U.S. Open notebook: Hideki Matsuyama back in mix after 7-under
ERIN, Wis. — Hideki Matsuyama had a solid showing at the Masters in April. Then he stumbled a bit in his next three starts on the PGA Tour.
Looks like he might be back on track again.
Matsuyama vaulted into contention at the U.S. Open with a 7-under-par 65 on Friday, moving to 5-under and a tie for eighth — two shots back of the four-way tie atop the crowded leaderboard. The Japanese star matched Chez Reavie for the best round of the day, three shots clear of the next best performance by Bill Haas.
“Shooting a good score today gave me a lot of confidence,” Matsuyama said. “I really haven’t been hitting the ball well as of late. To shoot a good round like today, I’m certainly looking forward to the weekend.”
Matsuyama defended his title in the Waste Management Phoenix Open in February, beating Webb Simpson in a playoff at TPC Scottsdale. He closed with a 67 at Augusta that got him into a tie for 11th at 1 under, but his game dropped off a bit from there.
After tying for 45th at the Memorial last month, Matsuyama arrived at Erin Hills on a downturn in a topsy-turvy season. He shot a 2-over 74 on Thursday.
“After yesterday’s round, I received a couple of tips from different people, and it seemed to work well,” he said.
The 25-year-old Matsuyama, ranked No. 4 in the world, birdied six of his first eight holes in the second round. He made the turn at 6-under 30, just one off the U.S. Open record of 29 for nine holes.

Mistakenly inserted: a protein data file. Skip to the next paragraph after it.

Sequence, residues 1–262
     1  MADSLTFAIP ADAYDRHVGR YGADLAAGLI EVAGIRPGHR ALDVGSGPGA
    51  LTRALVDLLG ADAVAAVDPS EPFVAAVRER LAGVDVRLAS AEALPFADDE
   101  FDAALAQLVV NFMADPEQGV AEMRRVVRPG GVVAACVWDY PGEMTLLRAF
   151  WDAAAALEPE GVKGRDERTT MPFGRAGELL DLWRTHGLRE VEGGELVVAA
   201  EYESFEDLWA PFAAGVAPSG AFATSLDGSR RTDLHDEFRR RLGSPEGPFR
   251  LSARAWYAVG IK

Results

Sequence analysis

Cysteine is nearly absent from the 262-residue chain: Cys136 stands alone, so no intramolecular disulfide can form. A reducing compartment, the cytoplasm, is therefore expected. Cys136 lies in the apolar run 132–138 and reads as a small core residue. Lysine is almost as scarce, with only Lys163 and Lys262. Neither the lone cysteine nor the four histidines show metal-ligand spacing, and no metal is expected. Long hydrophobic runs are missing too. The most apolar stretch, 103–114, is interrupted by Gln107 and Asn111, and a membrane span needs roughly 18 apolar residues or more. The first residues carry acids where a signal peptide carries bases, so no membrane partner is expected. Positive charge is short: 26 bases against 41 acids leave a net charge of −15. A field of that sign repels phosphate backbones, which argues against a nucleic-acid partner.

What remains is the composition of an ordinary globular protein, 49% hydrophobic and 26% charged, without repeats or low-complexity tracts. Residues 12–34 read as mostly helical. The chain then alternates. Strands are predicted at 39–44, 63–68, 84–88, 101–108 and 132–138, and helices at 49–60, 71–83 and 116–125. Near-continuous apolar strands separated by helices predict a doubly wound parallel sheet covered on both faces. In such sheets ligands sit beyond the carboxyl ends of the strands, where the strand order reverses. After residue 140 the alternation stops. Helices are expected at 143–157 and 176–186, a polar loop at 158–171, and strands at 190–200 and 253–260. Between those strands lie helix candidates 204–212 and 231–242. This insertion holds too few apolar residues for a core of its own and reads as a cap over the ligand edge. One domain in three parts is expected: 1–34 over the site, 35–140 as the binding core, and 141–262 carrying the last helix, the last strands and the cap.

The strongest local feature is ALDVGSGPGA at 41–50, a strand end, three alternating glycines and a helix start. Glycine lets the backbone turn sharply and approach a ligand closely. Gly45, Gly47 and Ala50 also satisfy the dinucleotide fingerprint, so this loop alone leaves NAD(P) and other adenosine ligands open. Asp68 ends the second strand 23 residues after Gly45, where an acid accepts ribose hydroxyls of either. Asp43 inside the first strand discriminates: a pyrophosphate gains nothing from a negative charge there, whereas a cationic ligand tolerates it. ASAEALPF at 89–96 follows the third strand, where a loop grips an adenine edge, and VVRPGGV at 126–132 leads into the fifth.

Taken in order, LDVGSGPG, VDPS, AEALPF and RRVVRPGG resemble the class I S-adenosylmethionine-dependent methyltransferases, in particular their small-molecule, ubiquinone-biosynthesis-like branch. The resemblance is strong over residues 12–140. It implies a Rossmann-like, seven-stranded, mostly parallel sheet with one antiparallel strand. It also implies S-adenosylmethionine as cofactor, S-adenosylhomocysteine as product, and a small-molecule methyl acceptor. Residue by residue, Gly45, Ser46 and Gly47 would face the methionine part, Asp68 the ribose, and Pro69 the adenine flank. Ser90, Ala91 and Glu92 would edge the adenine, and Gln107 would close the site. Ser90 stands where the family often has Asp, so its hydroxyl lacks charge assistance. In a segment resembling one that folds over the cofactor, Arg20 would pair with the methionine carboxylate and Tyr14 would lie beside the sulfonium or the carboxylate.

Rookie reaching goals
When he was young, Xander Schauffele’s soccer coaches insisted he play defense. Instead, Schauffele switched to golf.
The kid with the can’t-miss hand-eye coordination is doing his scoring at Erin Hills this week. The PGA Tour rookie spent part of the second round sharing the lead. He followed an opening 66 with a 73 to get to 5-under-par, and he finished in a tie for eighth, two shots out of the lead.
Not bad for a U.S. Open rookie who had to go through qualifying to make it to Erin Hills.
“I think me being a little naive has almost prepared me for this situation,” said Schauffele, whose name is pronounced (SHAU-fah-leh).
Elderly spectator dies
A 94-year-old man died during the second round. Authorities said the death appears to be of natural causes.
Rescue personnel and sheriff’s deputies were dispatched to the grandstand next to the sixth green after the man was reported to be without a pulse. Lt. Robert Stuesser of the Washington County Sheriff’s Department said in a release that emergency personnel performed CPR.